In an ever-evolving industry, the term hybrid hotel is one that’s becoming increasingly common. We take a look at four of the region’s best to see what they’re offering.
October 29th, 2021
The hybrid hotel is on the rise. Whether it refers to the integration of co-working spaces, unique leisure spaces or unconventional extras and immersive experiences, the term hybrid hotel is relatively broad. But in an ever-evolving industry, it’s a term that’s becoming increasingly common.
Alongside the rise of the third space, an influx of hybrid hotels have taken hold, with hotels across the Indo-Pacific region doing their best to entice a wider net of people with their offerings. From the luxurious and grand, to the boutique and artistic, we explore four of the region’s most spectacular hybrid hotels.
For a line of hotels that prides itself on going outside the bounds of general hotel design, it’s no surprise that Naumi has embraced a hybrid model for its Wellington venture. Elaborately eccentric, Naumi Hotel Wellington’s joyful design brings together an eclectic mix of colour, texture and art to become part-gallery, part-accommodation.
Art is interwoven into the fabric of the hotel. Behind reception, a large-scale floral backdrop created by Art Dep’t NZ is covered in gold leaf, which is complemented by bespoke rugs by artist Karl Maughan. An impressive illuminated floral sculpture by Angus Muir continues the whimsical theme. Each room is intricately decorated, including a dining room that is luxuriously relaxed with dark wooden flooring and velvet covered booths, and the “pastel green dreamscape” which is the Parlour.
Particularly relevant to the hybrid model, Naumi Hotel has started a “Work From Naumi” package, which entices guests to work from the hotel by offering 2 hour access to its boardroom and unlimited barista-made coffee during their stay.
Melbourne has just welcomed Australia’s first Oakwood premier, a 40-story luxury hybrid hotel overlooking the Yarra River in Southbank. The hotel has ensured its hybrid status through its combination of 400 luxurious rooms and serviced apartments that have a mix of short, mid and long-term stay capacity. Furthermore, the hotel has multiple meeting rooms, a co-working space and a lounge and games centre.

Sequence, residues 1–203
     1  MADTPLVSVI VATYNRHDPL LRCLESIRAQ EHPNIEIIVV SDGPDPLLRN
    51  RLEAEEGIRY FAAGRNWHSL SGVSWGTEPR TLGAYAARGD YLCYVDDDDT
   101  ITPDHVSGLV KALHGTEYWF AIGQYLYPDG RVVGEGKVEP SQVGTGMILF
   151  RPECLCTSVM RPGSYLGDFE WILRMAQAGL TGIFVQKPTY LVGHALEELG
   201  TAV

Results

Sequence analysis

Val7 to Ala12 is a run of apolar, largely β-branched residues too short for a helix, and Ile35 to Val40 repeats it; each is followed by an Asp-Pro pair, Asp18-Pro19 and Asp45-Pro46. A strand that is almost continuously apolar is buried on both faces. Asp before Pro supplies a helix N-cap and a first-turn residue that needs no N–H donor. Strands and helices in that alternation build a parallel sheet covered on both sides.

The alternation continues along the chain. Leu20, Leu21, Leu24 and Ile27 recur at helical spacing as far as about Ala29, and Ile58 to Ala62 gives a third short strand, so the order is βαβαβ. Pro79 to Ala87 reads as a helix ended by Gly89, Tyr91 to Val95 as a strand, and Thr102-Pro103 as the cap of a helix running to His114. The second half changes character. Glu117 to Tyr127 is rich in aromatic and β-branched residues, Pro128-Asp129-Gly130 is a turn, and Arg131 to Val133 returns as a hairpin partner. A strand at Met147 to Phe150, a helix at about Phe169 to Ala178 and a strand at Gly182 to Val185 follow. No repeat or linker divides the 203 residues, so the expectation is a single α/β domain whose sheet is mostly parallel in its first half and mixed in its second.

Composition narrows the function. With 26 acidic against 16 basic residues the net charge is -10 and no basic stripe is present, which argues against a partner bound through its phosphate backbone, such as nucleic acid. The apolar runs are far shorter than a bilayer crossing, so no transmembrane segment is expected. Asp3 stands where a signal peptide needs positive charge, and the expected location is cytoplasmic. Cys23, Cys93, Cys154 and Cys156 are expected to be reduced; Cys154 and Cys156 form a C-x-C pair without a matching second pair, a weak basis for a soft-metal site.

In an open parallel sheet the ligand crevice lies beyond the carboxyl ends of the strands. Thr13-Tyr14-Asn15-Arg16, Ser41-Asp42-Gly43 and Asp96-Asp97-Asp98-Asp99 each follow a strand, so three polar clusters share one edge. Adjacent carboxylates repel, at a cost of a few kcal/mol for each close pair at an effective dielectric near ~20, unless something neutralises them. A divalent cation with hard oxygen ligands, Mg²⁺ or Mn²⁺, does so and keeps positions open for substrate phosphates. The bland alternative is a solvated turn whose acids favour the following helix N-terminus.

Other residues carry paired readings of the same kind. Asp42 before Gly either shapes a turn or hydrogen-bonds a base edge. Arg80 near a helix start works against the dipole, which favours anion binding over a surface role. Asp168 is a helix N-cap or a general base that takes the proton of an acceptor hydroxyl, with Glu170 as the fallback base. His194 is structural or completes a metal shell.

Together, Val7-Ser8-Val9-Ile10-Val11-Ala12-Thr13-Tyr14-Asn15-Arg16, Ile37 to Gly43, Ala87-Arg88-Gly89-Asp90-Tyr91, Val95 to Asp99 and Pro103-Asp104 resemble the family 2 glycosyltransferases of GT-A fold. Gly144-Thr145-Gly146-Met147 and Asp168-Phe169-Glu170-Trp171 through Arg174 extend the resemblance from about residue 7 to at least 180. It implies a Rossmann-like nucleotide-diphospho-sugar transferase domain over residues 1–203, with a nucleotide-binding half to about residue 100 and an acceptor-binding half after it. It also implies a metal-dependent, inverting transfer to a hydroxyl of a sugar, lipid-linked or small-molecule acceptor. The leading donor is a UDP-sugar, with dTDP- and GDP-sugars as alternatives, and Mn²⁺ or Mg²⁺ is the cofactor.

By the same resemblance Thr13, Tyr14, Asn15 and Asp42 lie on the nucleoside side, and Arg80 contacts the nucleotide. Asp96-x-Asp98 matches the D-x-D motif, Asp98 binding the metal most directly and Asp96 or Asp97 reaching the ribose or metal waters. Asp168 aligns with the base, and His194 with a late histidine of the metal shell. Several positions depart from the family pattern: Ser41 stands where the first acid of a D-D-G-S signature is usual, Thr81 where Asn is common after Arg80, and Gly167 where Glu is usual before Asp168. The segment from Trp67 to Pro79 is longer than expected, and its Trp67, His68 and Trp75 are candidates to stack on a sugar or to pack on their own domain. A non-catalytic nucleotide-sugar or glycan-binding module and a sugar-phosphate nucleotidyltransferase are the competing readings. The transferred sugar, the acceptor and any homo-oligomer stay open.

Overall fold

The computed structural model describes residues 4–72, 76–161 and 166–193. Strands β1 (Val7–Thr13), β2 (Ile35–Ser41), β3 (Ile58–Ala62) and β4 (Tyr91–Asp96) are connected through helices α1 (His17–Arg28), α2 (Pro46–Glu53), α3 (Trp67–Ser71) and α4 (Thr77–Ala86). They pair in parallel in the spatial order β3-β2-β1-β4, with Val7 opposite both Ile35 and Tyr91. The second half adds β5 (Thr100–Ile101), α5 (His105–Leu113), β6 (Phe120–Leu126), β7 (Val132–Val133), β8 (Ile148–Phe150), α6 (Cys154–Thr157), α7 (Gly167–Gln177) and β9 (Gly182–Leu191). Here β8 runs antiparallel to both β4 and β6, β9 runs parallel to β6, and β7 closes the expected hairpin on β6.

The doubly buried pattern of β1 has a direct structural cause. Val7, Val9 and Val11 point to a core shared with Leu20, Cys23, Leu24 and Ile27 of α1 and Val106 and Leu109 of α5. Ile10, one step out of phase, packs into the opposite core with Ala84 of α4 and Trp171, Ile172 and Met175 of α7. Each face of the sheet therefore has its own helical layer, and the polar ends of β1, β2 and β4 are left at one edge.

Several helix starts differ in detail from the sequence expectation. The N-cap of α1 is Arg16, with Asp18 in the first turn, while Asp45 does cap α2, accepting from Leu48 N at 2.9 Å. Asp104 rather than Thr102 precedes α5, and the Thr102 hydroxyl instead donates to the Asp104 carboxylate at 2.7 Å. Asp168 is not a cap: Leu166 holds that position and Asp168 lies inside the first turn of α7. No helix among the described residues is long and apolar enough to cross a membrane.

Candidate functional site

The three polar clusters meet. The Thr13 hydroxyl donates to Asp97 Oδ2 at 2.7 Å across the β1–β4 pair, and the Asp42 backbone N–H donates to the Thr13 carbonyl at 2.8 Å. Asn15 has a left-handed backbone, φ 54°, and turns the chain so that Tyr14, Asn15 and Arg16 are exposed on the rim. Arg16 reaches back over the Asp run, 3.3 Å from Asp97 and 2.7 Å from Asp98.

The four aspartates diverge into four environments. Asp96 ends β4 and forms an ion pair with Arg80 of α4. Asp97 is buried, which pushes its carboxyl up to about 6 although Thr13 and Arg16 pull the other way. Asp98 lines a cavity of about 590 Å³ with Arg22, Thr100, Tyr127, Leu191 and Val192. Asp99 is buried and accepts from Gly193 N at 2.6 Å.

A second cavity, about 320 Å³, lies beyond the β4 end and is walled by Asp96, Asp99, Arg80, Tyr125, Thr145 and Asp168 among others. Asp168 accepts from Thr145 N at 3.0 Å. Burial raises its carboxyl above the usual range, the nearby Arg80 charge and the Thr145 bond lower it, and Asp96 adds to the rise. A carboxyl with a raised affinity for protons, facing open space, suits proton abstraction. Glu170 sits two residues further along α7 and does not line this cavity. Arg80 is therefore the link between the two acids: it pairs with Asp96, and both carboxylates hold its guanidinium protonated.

Designed by CHT Architects with interiors by SORA Interior Architecture + Design, the 139-metre-tall building is held aloft by raked structural columns and a cantilevered design gives the structure the appearance of floating. Its grey and bronze facade is illuminated with bespoke built-in lighting, transforming its appearance at night. Internally, three large brass chandelier installations and art by Mika Utzon Popov combine for a captivating lobby space.
SORA Interior Architecture + Design
Featuring art from French, Australian and American artists including Mr. Brainwash, Punk Me Tender, Pascal Guetta, Ben Tankard and Jisbar, the latest Luchetti Krelle iteration of the Ovolo hotels, Ovolo South Yarra contains one of the largest private Australian hotel art collections.
The six-storey structure was designed by Woods Bagot, laying the foundation for the hotel’s young and loud interior energy. Ovolo South Yarra embraces retro-futurism and pop art, with graphic wallpaper, chrome features, bold colours and “a heady dose of rock ‘n’ roll anarchy spritzed with jet-set flair,” according to Luchetti Krelle.
The playfully named Lona Misa restaurant sits adjacent to a large, brutalist lobby which is offset by bright hues and memorabilia referencing 70s icons. Downstairs, jewel-toned furniture accompanies a checkerboard floor in the basement lounge, while blue walls and velvet feature in the backroom bar.
After an extensive restoration, Singapore’s renowned Raffles Hotel has newly opened a range of bars, restaurants, boutiques and social spaces which enhance the heritage charm of the hotel. Significantly, the addition of The Great Room co-working space – Singapore’s first co-working space in a hotel – has seen Raffles Hotel Singapore establish its place as a hybrid hotel.
IndesignLive contributor Rachel Lee-Leong spoke to Tamagin Blake-Smith, principal at Hassell, about the unique opportunities co-working spaces provide .“Co-working is not just a space solution. It’s about creating communities,” says Blake-Smith. He shares that this formed the premise for Hassell’s design of The Great Room at Raffles Hotel Singapore.
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